Gardening

dividing and editing perennials, with wethersfield’s toshi yano

MAYBE YOU, like I do, have certain perennial beds that could use editing and some particular plants that need dividing in the process. That’s just one focus of today’s guest, Toshi Yano, in his role as director of horticulture at Wethersfield, a former private estate turned public garden in the Hudson Valley of New York. He’ll tell us the how-to, and also about visiting this special place.

Toshi is in his third year as director of horticulture at the former estate called Wethersfield garden in Dutchess County, New York, with its 3-acre formal gardens plus 7 acres of wilderness garden and commanding views of the Catskills and Berkshire Mountains.

Toshi and his team are bringing the gardens back to life, and he told me about the place, and specifically about the tasks of editing and dividing that every perennial gardener needs to do, whatever their garden scale. (Above, a tangle in one of the Wethersfleid cutting garden’s annual beds, with Gladiolus ‘Wine and Roses’, Zinnia ‘Benary’s Giant Lime’, Rudbeckia hirta ‘Indian Summer’, Lathyrus odoratus ‘Judith Wilkinson’ and Tithonia rotundifolia all clambering for space.)

Read along as you listen to the Aug. 23, 2021 edition of my public-radio show and podcast using the player below. You can subscribe to all future editions on Apple Podcasts (iTunes) or Spotify or Stitcher (and browse my archive of podcasts here).

editing and dividing perennials, with toshi yano

 

 

Margaret: Hi, Toshi. Busy, busy, busy.

Toshi: Well, we finally have some sun. It’s been such a rainy, wet, cool year.

Margaret: So can we start with just a quick little intro to Wethersfield? It’s wethersfield.org, not like the weather, dot org—the website. And just a little about what is this place?

Toshi: Sure. So Wethersfield is the former estate of a man named Chauncey Stillman. He was a gentleman farmer, a student of architecture, and a patron of classical arts. Wethersfield was sort of his experimental laboratory, where he got to introduce lots of new farming techniques. He started the estate after the Dust Bowl, and brought over a Kansan farmer, and they introduced a lot of new soil and water-management techniques. And at the same time, he created a very unique garden.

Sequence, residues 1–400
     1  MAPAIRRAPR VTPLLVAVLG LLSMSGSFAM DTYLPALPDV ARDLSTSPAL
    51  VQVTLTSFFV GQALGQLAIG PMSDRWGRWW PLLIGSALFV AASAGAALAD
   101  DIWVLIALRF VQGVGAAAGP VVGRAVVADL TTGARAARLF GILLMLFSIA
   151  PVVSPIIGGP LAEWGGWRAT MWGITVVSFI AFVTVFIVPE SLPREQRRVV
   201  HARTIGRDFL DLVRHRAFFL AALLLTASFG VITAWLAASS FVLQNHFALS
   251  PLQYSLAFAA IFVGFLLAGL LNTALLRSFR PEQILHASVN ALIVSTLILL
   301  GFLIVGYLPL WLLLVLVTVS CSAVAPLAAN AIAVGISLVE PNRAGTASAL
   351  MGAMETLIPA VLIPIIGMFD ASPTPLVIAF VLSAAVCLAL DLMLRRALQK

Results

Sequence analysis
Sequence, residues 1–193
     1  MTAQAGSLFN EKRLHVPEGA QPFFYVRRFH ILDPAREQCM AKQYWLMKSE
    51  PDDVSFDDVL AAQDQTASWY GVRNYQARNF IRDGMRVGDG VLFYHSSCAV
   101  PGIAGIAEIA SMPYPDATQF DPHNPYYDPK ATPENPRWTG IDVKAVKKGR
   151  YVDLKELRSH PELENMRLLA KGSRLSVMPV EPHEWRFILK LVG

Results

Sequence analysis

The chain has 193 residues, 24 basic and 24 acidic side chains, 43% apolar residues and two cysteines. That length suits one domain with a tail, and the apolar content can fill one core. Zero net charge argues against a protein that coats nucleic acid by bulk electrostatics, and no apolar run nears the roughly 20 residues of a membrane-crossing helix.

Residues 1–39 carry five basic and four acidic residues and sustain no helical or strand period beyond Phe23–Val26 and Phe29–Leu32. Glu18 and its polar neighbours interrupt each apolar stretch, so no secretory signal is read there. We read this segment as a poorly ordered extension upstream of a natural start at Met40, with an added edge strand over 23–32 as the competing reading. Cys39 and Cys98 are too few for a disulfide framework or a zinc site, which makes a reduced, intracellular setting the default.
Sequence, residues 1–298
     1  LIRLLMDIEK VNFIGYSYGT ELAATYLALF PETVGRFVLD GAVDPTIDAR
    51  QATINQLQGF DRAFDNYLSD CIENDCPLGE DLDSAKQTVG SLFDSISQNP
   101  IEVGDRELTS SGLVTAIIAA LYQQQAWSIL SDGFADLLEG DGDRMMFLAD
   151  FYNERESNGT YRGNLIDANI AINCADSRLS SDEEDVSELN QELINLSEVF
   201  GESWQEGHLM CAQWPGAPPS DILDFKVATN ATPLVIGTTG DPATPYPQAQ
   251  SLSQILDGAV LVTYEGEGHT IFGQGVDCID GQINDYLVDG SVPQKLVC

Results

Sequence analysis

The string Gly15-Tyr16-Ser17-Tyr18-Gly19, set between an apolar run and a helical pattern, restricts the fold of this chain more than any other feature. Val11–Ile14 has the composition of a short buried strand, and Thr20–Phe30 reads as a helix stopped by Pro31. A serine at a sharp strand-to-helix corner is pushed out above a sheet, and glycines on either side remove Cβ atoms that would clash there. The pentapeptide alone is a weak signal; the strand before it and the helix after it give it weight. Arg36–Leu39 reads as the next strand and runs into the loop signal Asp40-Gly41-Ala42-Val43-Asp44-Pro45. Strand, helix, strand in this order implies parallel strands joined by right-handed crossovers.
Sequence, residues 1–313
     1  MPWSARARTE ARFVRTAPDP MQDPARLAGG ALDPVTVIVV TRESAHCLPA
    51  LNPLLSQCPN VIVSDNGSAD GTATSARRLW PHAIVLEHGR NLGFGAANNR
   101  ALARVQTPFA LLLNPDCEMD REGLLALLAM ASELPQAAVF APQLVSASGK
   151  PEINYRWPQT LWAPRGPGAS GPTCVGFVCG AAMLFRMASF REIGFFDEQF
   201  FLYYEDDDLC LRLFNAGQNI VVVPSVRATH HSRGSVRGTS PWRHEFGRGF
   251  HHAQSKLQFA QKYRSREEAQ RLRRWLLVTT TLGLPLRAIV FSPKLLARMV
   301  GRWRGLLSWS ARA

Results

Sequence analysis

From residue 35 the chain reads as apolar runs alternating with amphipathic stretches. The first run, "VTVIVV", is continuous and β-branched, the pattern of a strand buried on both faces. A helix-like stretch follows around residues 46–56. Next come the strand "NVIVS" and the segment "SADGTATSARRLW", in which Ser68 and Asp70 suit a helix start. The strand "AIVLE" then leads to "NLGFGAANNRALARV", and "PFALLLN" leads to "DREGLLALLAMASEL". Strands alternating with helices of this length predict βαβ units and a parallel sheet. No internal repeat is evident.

He was sort of the last entry to the country place era gardens. You know, post-income tax and minimum wage, a lot of these great estate gardens sort of fell by the wayside.

Mr. Stillman was the grandson of the person who had founded Citibank, so finances weren’t really an issue for him. And he created this very intricate, formal garden at the top of a hill, and he and his friends, who were all classical scholars, really went to extremes to recreate an Italian Renaissance garden full of formal hedging, topiary and in addition, a woodland Bosco garden full of statuary telling an allegory of a descent into the afterlife, and in a sense out of it into paradise, basically.

Margaret: [Laughter.] Oh, boy. [Above: A view of the Taconic Range over clipped yew and the hot pink blooms of Rhododendron yedoense var. poukhanense.]

Toshi: So it’s a very unique garden in a lot of ways that takes most of its cues from the Italian Renaissance in a way that no other garden I think in America does with as much fidelity.

Margaret: Right. So you arrived three seasons ago, approximately, at this place in the formal Italian tradition. And it’s big and it’s got all kinds of elements that need loving care and so forth, lots of beds and borders.